In Oregon, it is legal to check an applicant’s criminal background before hiring, and in some situations, an employer can be liable for failing to do so. However, employers also need to be careful not to let the use of criminal background checks disparately impact members of protected classes. Yesterday, the EEOC filed lawsuits against BMW and Dollar General for violating Title VII through their use of criminal background checks on employees. The EEOC alleged that BMW “disproportionally screened out African-Americans from jobs” by denying employment to individuals with criminal convictions, regardless of when the individual was convicted. The EEOC alleged that this screening policy was not job related or consistent with business necessity. In the EEOC’s suit against Dollar General, it alleged that a policy that conditioned all job offers on criminal background checks resulted in a disparate impact against African-Americans.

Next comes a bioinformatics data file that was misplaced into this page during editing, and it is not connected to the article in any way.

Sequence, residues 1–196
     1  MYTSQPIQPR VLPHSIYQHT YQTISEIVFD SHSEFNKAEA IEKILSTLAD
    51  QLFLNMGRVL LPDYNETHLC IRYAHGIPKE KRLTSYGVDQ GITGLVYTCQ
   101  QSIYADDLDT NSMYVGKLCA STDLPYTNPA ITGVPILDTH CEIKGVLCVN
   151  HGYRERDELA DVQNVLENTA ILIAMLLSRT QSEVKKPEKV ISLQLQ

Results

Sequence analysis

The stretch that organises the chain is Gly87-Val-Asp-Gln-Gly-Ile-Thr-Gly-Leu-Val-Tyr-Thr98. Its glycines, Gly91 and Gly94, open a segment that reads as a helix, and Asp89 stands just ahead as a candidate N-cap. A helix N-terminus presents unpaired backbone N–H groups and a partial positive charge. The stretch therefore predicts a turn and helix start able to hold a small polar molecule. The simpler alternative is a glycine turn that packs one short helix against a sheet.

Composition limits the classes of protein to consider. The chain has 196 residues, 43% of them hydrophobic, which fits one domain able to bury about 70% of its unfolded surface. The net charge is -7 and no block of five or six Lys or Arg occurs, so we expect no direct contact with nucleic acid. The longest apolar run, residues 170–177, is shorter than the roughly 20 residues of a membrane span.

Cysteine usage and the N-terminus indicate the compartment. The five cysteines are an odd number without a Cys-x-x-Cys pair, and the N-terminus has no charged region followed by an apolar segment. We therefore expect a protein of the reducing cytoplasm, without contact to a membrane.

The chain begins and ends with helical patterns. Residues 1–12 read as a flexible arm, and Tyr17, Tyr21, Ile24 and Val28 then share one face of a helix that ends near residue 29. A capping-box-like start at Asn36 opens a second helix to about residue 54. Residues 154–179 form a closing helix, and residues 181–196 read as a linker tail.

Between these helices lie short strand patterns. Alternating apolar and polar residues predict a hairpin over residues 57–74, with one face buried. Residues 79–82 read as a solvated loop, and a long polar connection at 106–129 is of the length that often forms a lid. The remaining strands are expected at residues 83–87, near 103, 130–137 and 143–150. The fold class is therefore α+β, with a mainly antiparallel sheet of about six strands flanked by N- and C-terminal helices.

Bottom line: a policy that requires criminal background checks and denies employment based on convictions for safety-sensitive jobs or jobs with significant public contact is likely legal. However, for any job, employers should avoid a policy that categorically denies employment without any consideration of the nature and gravity of the underlying crime or the age of the conviction(s). A summary of the EEOC’s lawsuits can be found here: http://eeoc.gov/eeoc/newsroom/release/6-11-13.cfm
An article from the Oregon Bureau of Labor and Industries on the use of criminal background checks can be found here: http://www.oregon.gov/boli/TA/docs/TA_Col_07-10-12_Background_Checks.pdf